How do you know the type and version of the major hardware components you have in your PC / laptop? Thats easy, run PC Wizard and hope their database is up to date enough for your purposes. (Note that this tool does other cool stuff too like running Benchmarks, getting all sorts of other system related information)
I had the same dire necessity today, having junked the default Vista installation in a laptop, without checking the hardware, drivers and other requirements. I had been told all the required CD’s are available and when i checked, (after re-install i have to admit), the CD that was referred to turned out to be a rescue CD. The laptop manual did not care to list even the basic facts about which LAN / sound card it carried. (An acer 4620 if you are wondering)
Isnt Rescue CD enough ?
In the olden days, buying hardware gave you bits and pieces of drivers and other software in multiple CD’s and this was what i had in mind when i asked if the CD’s where available. But nowadays, machines come with a pre-installed OS partition, containing a valid image with everything pre-installed. So, all that you need in case things go wrong, is a single rescue CD to copy this image onto your hard disk and get a brand new validated and optimized image running.
Whats wrong with Rescue CD’s ?
Rescue CD’s are an excellent solution, in most casual user cases. I remember originally encountering this concept in a Solaris server. I came away impressed with the solution. However in case of personal computers (or latpops) i feel someone ought to have thought of the possibility that a different OS or power user initiated custom installation might be required, in which case this partition idea becomes nothing but a waste of space. After all we are talking about hardware bought for personal use here and its a good idea not to restrict the owners conceptual freedom in trying to use it for whatever purposes they see fit.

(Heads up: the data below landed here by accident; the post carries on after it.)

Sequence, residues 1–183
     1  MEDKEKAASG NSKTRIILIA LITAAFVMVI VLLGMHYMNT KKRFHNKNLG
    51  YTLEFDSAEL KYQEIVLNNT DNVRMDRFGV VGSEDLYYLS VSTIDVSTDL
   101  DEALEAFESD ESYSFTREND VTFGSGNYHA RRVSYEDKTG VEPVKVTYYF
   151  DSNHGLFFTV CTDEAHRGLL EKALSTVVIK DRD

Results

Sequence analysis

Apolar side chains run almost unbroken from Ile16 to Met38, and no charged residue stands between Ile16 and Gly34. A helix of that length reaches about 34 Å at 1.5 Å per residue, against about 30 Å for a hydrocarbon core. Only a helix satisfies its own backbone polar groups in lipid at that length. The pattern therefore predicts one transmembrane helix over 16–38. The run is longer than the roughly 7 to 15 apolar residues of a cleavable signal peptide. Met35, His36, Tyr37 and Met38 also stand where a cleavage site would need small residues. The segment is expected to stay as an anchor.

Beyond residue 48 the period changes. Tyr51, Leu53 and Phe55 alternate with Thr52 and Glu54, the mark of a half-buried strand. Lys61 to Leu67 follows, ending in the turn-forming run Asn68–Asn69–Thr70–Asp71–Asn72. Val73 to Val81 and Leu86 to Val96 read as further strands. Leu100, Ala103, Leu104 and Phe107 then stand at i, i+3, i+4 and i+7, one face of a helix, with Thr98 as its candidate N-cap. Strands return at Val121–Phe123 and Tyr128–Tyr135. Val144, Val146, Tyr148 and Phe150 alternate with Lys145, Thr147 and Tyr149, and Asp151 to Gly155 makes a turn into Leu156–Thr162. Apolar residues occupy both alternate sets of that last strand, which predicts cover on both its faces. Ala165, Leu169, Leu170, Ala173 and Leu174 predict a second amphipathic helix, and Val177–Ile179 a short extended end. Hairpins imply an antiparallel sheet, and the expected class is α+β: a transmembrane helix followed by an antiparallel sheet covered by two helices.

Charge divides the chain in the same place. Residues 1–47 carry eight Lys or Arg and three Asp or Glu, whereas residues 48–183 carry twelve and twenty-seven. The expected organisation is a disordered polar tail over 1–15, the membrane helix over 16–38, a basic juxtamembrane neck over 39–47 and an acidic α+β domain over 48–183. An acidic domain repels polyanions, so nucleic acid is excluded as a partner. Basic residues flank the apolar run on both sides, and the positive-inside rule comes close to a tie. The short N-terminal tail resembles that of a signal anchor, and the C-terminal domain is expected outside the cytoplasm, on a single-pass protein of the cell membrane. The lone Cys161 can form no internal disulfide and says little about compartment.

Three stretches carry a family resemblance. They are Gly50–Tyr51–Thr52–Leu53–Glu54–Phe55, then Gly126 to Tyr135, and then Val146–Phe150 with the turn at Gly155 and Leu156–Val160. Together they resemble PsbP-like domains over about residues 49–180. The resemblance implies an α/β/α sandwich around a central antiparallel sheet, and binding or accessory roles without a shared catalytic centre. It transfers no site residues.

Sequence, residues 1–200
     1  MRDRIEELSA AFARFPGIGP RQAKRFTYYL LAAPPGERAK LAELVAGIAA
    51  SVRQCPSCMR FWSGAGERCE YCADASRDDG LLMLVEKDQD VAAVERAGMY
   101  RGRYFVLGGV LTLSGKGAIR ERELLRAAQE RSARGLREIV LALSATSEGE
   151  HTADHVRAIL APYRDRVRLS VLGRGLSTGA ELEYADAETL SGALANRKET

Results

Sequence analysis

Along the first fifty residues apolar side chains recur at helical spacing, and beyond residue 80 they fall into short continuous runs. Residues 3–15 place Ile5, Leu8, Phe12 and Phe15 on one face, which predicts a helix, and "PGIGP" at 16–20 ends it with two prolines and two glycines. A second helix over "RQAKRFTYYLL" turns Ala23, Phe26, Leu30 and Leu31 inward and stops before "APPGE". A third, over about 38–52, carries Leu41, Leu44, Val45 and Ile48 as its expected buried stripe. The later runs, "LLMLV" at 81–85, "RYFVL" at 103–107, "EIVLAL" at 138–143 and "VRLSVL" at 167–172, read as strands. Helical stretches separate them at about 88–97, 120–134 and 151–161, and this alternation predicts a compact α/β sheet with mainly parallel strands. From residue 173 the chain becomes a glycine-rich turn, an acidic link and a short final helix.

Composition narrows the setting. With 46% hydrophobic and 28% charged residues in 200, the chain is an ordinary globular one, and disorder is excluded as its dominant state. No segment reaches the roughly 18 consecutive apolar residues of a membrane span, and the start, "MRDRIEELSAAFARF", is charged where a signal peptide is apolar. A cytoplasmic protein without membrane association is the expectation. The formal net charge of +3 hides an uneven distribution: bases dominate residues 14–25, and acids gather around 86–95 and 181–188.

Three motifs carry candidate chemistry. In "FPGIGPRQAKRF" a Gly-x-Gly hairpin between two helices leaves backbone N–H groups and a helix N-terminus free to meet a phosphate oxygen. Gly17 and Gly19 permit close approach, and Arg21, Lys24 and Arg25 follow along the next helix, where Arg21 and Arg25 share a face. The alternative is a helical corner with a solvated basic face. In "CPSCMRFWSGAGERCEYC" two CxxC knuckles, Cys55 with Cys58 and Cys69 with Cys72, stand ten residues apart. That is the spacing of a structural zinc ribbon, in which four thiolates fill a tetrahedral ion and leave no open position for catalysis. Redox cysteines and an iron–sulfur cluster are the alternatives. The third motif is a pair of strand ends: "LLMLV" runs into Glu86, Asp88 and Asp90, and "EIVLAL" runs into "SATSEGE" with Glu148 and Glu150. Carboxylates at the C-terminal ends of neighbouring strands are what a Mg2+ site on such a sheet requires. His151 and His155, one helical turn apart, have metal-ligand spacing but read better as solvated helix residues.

The olden days
The olden days of individual driver CD’s, ensured that I had a valid driver for my hardware for all the OS’es i required. This was because the individual driver CD would come with drivers required for all the different version of OSes it supported (windows 3.1/95/98/Me/2k etc). This also meant that the different components of my machine was tested for the different OSes i required and it was easy to know which ones had the support by looking at the driver CD. In fact i remember favouring devices that shipped with Linux drivers since i wanted to use Linux on my PC. However with the new fangled image idea, i’m not sure if my new box would run another OS or not.
I wish the hardware folks are listening and copied a folder of all required drivers and hardware documentation, into the image itself, which i can then copy out for my new OS, before trashing the old stuff. That way, i would have the best of both worlds, unless of-course i deleted the orignal rescue image partition too, which goes to show that a hard copy CD image of the rescue partition, with all the different OS driver folders in it of-course, would still be of some use.
Happy installations !!